I expected the Chipotle Cultivate Festival might be either a crowded, corporate fairground (a la Coachella). I also dreaded it might be a sparsely populated tent city with desperate food reps calling out to skittish passers-by, a perception brought to you by a regrettable summer working at the Mall of America, grimacing out at an empty formica courtyard.
Instead, I found it to be a pretty balanced environment. There was kitsch (the chef demonstration tent), yes. But there were also innovative "experience" kiosks to drive home issues of sustainability and natural foods, backed up by representatives from California farms. The branding was solid and effective, but unobtrusive.
I was able to focus on the many small business in the Artisan Hall - 4505 Meats being the unchallenged favorite, followed by Handsome Coffee Roasters (L.A. sure does love those heraldic X-based logos) - without feeling like Chipotle was breathing down their our necks. A benevolent overlord, seated in a golden, locally-produced Burrito Bowl throne. It was all a stunt, of course, but it was agreeably done and in good faith; perhaps these partnerships with small-scale and fledgling businesses will keep Chipotle honest.
The music itself spanned a good range of genres. Grandiose folk from Matt Costa, the groovy falsetto soul of Mayer Hawthorne. Getting to see fellow Kenyon College alum Nicholas Petricca of Walk the Moon hounded by a mob of trilling, facepainted young ladies was pretty funny. The highlight, however, goes to the Walkmen.
I admit, I discovered them late in the game - January of this year. I had just arrived back in San Francisco after a month-long trip to the wintry Northwest and then New York City. It was sunny, 70, the smells of Eucalyptus and Monterey Cyprus suspended pervasive in crisp air. While I'm at it, let's intensify the cliché: I was also falling in love and had just quit grad school after one stifling term. "Wake Up," a triumphantly discordant song from their first album, propelled me along with new possibilities swirling in those first weeks.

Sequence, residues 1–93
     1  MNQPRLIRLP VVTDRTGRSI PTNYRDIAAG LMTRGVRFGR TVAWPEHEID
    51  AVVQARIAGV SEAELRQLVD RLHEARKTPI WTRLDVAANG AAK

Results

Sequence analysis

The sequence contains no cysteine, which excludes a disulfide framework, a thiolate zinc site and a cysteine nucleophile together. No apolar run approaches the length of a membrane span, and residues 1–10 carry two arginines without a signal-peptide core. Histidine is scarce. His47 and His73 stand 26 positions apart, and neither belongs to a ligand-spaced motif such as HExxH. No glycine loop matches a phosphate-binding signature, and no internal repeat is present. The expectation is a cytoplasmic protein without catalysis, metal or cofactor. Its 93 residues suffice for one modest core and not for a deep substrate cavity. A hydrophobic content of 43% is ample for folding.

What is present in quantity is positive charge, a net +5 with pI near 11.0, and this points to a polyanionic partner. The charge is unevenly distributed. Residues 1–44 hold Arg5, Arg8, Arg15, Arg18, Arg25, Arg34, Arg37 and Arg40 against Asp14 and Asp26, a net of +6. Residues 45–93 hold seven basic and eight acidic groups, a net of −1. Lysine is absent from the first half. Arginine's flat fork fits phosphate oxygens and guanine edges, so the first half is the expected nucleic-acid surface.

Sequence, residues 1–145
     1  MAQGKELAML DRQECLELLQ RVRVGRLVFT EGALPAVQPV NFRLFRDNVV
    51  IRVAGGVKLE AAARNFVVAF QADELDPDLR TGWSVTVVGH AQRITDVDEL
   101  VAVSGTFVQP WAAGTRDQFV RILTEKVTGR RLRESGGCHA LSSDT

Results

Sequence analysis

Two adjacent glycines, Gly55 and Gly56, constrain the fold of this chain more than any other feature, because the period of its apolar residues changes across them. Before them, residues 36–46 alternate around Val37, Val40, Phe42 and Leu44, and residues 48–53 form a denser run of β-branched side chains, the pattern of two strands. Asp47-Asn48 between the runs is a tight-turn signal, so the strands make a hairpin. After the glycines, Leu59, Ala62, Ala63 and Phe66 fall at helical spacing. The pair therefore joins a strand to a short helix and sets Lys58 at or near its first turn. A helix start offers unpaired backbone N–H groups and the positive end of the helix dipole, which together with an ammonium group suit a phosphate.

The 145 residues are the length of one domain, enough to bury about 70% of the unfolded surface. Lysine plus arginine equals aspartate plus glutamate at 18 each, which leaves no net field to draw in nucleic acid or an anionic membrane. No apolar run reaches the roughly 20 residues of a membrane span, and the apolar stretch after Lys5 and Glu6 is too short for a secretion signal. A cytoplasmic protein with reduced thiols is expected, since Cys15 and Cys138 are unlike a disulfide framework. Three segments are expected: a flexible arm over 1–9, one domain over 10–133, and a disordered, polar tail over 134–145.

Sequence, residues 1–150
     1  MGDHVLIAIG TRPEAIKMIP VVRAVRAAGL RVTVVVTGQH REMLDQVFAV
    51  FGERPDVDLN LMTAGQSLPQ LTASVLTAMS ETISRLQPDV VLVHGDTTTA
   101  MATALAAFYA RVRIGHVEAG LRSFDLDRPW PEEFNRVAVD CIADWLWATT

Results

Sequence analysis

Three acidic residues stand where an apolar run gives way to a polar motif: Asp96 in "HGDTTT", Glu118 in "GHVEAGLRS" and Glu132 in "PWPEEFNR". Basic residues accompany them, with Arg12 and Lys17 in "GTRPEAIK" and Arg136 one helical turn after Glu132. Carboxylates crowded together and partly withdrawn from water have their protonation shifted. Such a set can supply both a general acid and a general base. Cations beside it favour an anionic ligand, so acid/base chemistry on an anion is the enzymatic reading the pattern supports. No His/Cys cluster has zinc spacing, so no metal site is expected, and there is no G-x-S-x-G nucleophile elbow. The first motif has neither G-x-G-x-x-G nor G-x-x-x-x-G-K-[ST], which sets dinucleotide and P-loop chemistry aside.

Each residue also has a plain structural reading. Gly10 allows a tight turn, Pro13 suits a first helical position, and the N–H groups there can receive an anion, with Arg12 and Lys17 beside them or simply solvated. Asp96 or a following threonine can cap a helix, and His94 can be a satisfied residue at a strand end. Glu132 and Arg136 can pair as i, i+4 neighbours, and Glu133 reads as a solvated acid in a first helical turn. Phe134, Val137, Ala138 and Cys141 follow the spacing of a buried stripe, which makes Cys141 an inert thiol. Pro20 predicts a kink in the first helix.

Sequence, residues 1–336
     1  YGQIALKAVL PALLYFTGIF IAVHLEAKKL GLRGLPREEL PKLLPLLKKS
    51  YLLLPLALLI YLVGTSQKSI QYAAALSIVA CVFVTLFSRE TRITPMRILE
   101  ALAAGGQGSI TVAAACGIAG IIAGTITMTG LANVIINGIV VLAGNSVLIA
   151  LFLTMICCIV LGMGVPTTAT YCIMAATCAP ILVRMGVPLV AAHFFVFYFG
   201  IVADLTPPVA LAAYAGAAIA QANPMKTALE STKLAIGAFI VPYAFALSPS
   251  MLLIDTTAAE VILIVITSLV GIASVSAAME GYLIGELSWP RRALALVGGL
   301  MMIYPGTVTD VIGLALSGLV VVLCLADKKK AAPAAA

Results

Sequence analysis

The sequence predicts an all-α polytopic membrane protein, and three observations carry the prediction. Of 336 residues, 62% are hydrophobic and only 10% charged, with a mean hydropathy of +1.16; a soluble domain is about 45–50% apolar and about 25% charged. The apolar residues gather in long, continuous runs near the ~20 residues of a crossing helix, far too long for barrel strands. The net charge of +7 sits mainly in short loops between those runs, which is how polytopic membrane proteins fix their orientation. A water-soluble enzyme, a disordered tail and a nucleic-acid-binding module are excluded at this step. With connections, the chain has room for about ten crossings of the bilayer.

Heaven, the Walkmen's latest release, is a magnetically good listen. I found it especially perfect to accompany finding yourself free of commitments and full of feeling. Its an album with "a thousand affecting variations on contented hum," to quote Pitchfork. But the music is laced by a latent, vibrating potentiality, something confidently more aleatory than quiet eternity.
From "Wake Up" to "Heaven," a song from the album of the same name, 10 years and a lot of maturing passed for Hamilton Leithauser and the rest of the band. There's a similar sort of soaring, bold entreaty going on in both songs, but in "Heaven," the chord progression is sanguine and deftly, nimbly performed; less frenetic in pace and style, more languor. Their show on this particular afternoon was professional, self-assured, and, with the exception of when Leithauser got Too Stoked and knocked over the mic stand, flawless. At one point, he even spoke a few calm words about the onset of fatherhood and the settled life, as a girl in the front row with frosted dreads and a spliff hanging off her lip scoffed loudly. Assured indeed.
At the end, as the band fluidly drew out the last measures of the song into minutes, I had the strange and wonderful sensation of just setting out on my career, directly in front of another artist ascendant in his. I read a quote by G.K. Chesterson today: "Poetry is sane because it floats so easily in an infinite sea; reason seeks to cross the infinite sea, and so make it finite. The result is mental exhaustion... To accept everything is an exercise, to understand everything a strain. The poet only desires exaltation and expansion, a world to stretch himself in. The poet only asks to get his head into the heavens. It is the logician who seeks to get the heavens into his head. And it is his head that splits." In making Heaven, the Walkmen haven't reached a placid end, but rather an opened world into which to run, lope, unfalteringly.